T-Mobile continues its 3.5G network rollout today, with an additional 18 markets gaining access to HSPA+ speeds of up to 21 Mbps. Including this month’s launch of the myTouch 3G Slide handset, the carrier now offers 15 devices that take advantage of the faster HSPA+ network, although only one supports the maximum throughput. A conversation I had with T-Mobile reinforced the notion that a faster network breeds more data consumption — with HSPA+, up to seven times more, in some cases.
I spoke with Chris Hillabrant, regional VP of engineering and operations for T-Mobile, about the company’s network expansion and how the faster available speeds are changing the way consumers use mobile broadband. “In New York, where HSPA+ is available, we’ve seen a 700 percent increase in demand for data,” Hillabrant told me. “And in Philadelphia, we saw nearly 40 percent growth in traffic in the first 40 days of availability.” So how long can T-Mobile’s HSPA+ network handle the growing demand?
“We feel very good about our growth,” Hillabrant said when asked that very question. “Our fiber [backhaul] facilities are highly scalable and we have plenty of wireless spectrum in the big markets, plus efficiencies are gained as we get faster devices on the network. I don’t see any reason we can’t continue to ride the wave ahead of data demand.” Indeed, Hillabrant sounded calm and confident about both backhaul and wireless supply — a refreshing position considering larger U.S. carriers like AT&T (s t) are moving from unlimited smartphone data plans to tiered pricing to help manage the supply of data services.
T-Mobile, on the other hand, is sticking with unlimited data for the time being. Instead of adding incremental costs for overages, the carrier recently eliminated existing ones and said that instead it may slow down connections exceeding more than 5 GB of data in a given billing cycle. I also asked if T-Mobile was considering availability of portable hotspot devices on its network; I use a MiFi on Verizon’s (s vz) network and Sprint’s Overdrive (s s) supports its 4G network. There’s currently no HSPA+ MiFi for T-Mobile, but such a product has been discussed internally, so there’s potential for a fast portable hotspot down the road. For now, Hillibrant laughingly but accurately suggested that I can use the Portable Hotspot functionality native to Android 2.2 on my Google Nexus One (s goog) with T-Mobile SIM. Maybe I don’t need that MiFi after all?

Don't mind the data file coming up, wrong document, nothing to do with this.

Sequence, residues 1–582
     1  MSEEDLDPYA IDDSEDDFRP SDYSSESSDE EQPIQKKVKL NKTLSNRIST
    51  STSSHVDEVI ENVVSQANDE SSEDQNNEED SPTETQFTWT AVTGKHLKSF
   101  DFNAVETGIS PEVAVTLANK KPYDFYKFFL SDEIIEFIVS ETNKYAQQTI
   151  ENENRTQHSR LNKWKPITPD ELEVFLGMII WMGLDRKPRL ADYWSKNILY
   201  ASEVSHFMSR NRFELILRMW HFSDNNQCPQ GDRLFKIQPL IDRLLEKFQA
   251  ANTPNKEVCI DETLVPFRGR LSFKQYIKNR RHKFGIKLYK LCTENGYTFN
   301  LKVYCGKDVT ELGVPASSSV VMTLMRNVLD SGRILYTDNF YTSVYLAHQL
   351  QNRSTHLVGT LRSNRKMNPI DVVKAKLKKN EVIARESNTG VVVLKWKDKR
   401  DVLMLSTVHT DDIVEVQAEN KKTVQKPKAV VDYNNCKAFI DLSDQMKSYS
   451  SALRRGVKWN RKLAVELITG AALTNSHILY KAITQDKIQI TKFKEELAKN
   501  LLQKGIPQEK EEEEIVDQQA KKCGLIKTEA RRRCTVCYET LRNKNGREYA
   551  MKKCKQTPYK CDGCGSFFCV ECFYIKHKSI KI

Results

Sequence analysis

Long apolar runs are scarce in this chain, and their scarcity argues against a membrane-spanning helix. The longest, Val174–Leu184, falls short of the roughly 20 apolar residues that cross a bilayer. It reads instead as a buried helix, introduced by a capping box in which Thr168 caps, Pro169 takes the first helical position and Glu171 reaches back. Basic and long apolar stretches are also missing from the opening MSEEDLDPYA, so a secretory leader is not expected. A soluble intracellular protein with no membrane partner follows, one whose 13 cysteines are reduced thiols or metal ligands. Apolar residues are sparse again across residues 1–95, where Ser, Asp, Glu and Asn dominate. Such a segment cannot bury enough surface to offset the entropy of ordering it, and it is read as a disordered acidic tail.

With Verizon and AT&T still using standard 3G technologies, T-Mobile’s HSPA+ network is a closer comparison to Sprint’s 4G offering, which uses WiMAX. Indeed, T-Mobile claims “4G speeds” now when discussing the maturing infrastructure — a clear swipe at Sprint. Semantics and verbal positioning aside, T-Mobile’s new network actually compare favorably to that of Sprint’s, both in speeds and coverage.
I haven’t tested Sprint’s 4G network recently, but my prior hands-on yielded download speeds of between 4 and 5 Mbps — the same as my colleague Stacey recently noticed — when paired with new equipment. But I didn’t have to buy or use new equipment when testing T-Mobile’s next-generation network; just like the 15 handsets T-Mobile offers with a 7.2 Mbps radio, my Google Nexus One enjoys 4 Mbps downloads due to HSPA+ compatibility. And my hands-on testing of the webConnect Rocket data card on HSPA+ pulled data from the web at more than 9 Mbps, or roughly double what I’ve seen from WiMAX. T-Mobile is quietly taking the lead when it comes to fast mobile broadband coverage areas, too. With the newly announced expansion areas, it now boasts 75 million points of presence, or POPs — you can check your local coverage here. Sprint claims 43 million as of the launch of the HTC EVO earlier this month, the first phone in the U.S. to use a 4G network.
After my conversation with Hillabrant, it occurred to me that the iPhone-AT&T phenomenon may have been the best thing to happen to T-Mobile in some time. With all of the focus on iPhone owners using up a disproportionate amount of AT&T’s network — AT&T data demand is up more than 5,000 percent since the introduction of the iPhone, as discussed in a recent GigaOM Pro report (subscription required) — the spotlight has been off of T-Mobile. And that has given the No. 4 carrier in the U.S. some quiet time to ramp up a faster wireless network that covers more customers while nobody was looking. By the end of this year, when completion of the HSPA+ rollout is expected, T-Mobile figures it will be able to cover 185 million POPs with 21 Mbps wireless access and plenty of fiber backhaul to keep the data flowing.